The focus has shifted to other provinces, including B.C., after the government of Saskatchewan announced $4 million of financial aid Friday for its Western Hockey League and Saskatchewan Junior Hockey League teams. Saskatchewan’s five WHL teams will each receive $600,000. The SJHL as a whole will receive $1 million.
The five teams in the WHL’s B.C. Division, which includes the Victoria Royals, and the 17-team B.C. Hockey League, which includes the Island Division, have submitted a joint proposal to the provincial government for a similar kind of financial-aid package.
“Both leagues are looking at potentially returning to play and funding is critical,” said BCHL commissioner Chris Hebb.
Hebb did not divulge the amount being asked from the B.C. government by the BCHL and five WHL teams.
“The junior teams are really in a tough spot,” he said.
“Without funding, they can’t play. We have no revenue sources. We’re just trying to hold it together to get the kids some games in. It’s desperate.”
Ron Walchuk, governor and lead owner of the Victoria Grizzlies, is on the BCHL’s return to play task force.
“The league has a request into the province and the issue is on the table,” said Walchuk.
“We have zero revenues and need all the help we can get. The need is huge. The league is in discussions and we hope our MLAs [in each market] support us. We are persevering and the boys are in good spirits.”
Walchuk noted two provinces have now given financial aid to junior hockey. The Quebec government, citing cultural significance, earlier provided $12-million in pandemic aid — $1 million to each of the 12 provincial-based teams — in the Quebec Major Junior Hockey League.
“We are very pleased the Saskatchewan government has decided to support their local WHL clubs and the SJHL through provincial funding,” said Victoria Royals GM and head coach Dan Price.
“This type of funding is needed at this time and will help allow these teams to be able to play this season without fans. Our hope is that the other provincial and state governments will follow suit.”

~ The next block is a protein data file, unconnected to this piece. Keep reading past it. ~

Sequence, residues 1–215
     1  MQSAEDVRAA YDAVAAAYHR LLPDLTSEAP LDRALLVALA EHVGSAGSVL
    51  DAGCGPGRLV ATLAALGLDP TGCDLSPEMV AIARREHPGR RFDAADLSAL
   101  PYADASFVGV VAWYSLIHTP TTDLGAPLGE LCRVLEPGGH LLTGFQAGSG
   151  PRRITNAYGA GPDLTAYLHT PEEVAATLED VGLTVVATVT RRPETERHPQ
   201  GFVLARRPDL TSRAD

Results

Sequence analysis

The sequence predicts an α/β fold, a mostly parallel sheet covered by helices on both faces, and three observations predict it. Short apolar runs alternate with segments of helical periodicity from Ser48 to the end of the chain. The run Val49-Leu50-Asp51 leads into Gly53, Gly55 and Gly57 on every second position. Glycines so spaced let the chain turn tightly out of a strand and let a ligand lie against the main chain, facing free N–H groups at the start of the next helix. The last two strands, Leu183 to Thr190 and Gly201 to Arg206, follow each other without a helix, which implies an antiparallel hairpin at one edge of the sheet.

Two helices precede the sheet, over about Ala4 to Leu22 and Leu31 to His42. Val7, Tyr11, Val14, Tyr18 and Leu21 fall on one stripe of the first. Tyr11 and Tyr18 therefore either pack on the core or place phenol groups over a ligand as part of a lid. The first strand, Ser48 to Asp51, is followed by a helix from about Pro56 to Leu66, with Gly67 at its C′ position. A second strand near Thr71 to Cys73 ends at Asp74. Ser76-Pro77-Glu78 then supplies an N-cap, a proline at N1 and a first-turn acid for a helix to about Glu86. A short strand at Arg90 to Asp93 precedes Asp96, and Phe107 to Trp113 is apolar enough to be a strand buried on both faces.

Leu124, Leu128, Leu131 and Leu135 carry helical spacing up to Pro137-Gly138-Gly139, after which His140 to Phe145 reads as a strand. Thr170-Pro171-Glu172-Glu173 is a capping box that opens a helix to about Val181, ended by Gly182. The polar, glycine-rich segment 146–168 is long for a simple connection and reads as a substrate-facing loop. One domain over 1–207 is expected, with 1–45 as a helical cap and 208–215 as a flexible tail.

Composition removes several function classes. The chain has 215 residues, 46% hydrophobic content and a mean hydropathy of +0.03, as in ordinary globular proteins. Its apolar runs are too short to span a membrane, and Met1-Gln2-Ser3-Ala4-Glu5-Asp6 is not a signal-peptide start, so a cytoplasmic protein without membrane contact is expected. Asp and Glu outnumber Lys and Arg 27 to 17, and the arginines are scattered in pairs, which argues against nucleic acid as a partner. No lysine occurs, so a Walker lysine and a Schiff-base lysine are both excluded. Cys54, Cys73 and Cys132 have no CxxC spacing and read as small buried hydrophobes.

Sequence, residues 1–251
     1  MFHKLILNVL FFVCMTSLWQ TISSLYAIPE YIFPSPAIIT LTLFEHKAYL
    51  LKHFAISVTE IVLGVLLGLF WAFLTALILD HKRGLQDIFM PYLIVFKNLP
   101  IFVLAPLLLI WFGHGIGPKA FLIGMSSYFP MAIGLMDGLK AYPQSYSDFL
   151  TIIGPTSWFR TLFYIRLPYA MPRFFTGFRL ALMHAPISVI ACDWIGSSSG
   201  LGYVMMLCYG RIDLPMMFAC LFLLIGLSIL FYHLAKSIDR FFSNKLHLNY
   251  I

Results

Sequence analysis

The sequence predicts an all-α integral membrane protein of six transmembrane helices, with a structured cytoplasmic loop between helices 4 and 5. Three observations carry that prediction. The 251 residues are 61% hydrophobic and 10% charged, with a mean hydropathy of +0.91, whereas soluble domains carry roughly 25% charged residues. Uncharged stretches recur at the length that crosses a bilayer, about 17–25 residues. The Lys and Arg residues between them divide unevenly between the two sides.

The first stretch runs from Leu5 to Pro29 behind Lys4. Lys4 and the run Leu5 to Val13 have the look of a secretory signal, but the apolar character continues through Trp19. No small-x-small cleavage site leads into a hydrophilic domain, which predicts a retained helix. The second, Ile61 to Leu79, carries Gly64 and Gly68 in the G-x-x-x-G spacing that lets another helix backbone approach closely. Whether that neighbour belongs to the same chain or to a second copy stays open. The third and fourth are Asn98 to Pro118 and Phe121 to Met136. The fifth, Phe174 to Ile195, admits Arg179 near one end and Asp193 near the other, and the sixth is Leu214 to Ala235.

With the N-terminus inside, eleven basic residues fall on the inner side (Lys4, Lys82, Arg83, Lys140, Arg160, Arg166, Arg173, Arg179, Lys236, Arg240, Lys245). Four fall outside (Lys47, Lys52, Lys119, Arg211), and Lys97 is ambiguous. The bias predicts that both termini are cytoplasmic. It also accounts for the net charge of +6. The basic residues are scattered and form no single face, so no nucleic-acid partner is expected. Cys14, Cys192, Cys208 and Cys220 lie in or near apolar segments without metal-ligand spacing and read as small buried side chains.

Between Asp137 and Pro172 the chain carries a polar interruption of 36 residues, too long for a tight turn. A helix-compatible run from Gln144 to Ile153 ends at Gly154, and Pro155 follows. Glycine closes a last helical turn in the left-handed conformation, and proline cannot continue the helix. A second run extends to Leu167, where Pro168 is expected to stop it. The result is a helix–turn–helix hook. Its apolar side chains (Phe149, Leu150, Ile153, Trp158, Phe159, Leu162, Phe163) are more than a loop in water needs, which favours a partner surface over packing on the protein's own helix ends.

The Times Colonist sought comment from Melanie Mark, B.C. minister of Tourism, Arts, Culture and Sports.
“Sport plays a vital role in helping our communities heal once the pandemic is over, and the WHL and BCHL hold an important role in the sport landscape of B.C.,” the ministry’s communications department responded, in a statement.
“We will continue to work with the WHL and BCHL and the rest of the sports sector to support them through this time and to be ready to get back to the game as soon as it is safe to do so.”
The BCHL and the five B.C. WHL teams will need something more concrete.
“We’re hoping to hear within the next month,” said Hebb.
The WHL’s season is postponed indefinitely. The BCHL has targeted Feb. 8 for its start but that all depends on what the restrictions will be after the current B.C. health guidelines expire Feb. 5.
“Feb. 6 is a big day for us,” said Hebb, the former national-champion UVic basketball player.
WHL commissioner Ron Robison released a statement about the Saskatchewan government’s financial package: “COVID-19 has had a devastating impact … our WHL clubs are a vital source of community pride and major economic driver in Swift Current, Moose Jaw, Prince Albert, Regina and Saskatoon.”
Robison added the government support will allow those teams to remain viable.
“Our junior hockey teams are a critical part of the cultural fabric and local economies across the province,” said Saskatchewan trade and export development minister Jeremy Harrison, in a statement.
“Necessary restrictions due to COVID-19 have had a significant impact on these leagues and their teams and this support will help them address these financial challenges.”